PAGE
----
All the essentials for the next time you’re traveling through Florence.
“This is the fairest picture on our planet, the most enchanting to look upon, the most satisfying to the eye and the spirit." -Mark Twain
The beauty of Florence lies in the legacy and layers of history which enrich each city street. Even if you're just planning a quick trip to Florence, you can still cover a ton of local art, history, and architecture in 24 hours. Here are some locations that are easy to experience just by going on a long walk!
As you wander Florence, you can also listen to Gesso’s GPS-triggered audio walking tour, Florence in a Day.
Santa Maria Novella Station
This station is one of the newer additions to the city, and its architecture is a connection between the philosophies of the Renaissance and those of the modern age. Stepping outside, notice the differences and similarities in the architecture, materials, and textures around you. Not too far away is the Santa Maria Novella Church, which the station is named after.
Chiesa di Ognissanti
Walking into the Chiesa di Ognissanti, you’ll find tons of hidden gems inside. For example, in the left wing above the stairs, is a well-lit crucifix that was discovered to be the work of Giotto di Bondone, dating to 1315.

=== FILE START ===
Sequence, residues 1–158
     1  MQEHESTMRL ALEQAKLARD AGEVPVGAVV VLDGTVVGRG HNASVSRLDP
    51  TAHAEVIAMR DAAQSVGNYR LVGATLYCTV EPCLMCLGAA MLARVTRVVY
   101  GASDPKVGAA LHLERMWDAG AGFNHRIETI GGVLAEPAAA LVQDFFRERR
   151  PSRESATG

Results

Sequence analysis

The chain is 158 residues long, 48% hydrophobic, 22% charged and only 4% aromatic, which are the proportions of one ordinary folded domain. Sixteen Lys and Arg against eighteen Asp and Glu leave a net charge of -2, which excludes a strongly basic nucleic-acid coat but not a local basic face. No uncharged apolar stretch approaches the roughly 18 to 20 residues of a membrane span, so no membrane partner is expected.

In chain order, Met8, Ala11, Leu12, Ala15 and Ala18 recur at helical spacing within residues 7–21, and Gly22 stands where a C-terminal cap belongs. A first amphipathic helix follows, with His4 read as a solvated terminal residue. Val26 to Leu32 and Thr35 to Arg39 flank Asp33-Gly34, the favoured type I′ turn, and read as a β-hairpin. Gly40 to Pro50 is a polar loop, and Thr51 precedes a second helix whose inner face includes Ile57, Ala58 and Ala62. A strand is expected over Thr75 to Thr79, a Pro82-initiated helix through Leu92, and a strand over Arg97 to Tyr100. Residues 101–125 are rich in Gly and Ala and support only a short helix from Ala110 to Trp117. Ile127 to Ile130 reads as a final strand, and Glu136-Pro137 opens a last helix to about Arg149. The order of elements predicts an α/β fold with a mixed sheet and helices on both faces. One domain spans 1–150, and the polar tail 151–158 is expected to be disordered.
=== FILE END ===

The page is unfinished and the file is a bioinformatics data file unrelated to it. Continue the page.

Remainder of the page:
In the central section near the front are two paintings facing each other, both dating to 1480. On the left is St. Augustine by Botticelli, and on the right is St. Jerome by Ghirlandaio.
Botticelli actually lived his entire life on this street and is said to be interred with his family to the right of Jerome, marked by the round seal with the gold lion.
In view of the Second World War, when much of the city was blown to pieces, it's a miracle that the Ponte Vecchio still exists at all. The safety of the bridge is in part attributed to Gerhard Wolf, the German consul in Florence, who saved the bridge, countless paintings and, most importantly, many lives.
Piazzale degli Uffizi
Along the river is the Piazzale degli Uffizi, notable for its 19th century statues.
Started by Vasari and finished by Bernardo Buontalenti in 1581 after Vasari’s death, the “Uffizi” in “Uffizi Gallery” means “offices” because that’s what these were originally: a workspace for the Medici family, gradually converted into an art gallery by Francesco I de’ Medici.
The Uffizi Gallery is home to works by all the greats: Giotto, Botticelli, Cimabue, Caravaggio, Raphael, Michelangelo, and Leonardo da Vinci. You can learn more about the Uffizi’s collections here.
The Palazzo Vecchio has been the seat of Florentine government since the start of the 1300s. It’s a building that marks the symbolic end of a longstanding war between the city’s two feuding factions, the Guelphs and the Ghibellines. When the former managed to run the latter out of the city, they bulldozed their towers and built this on top.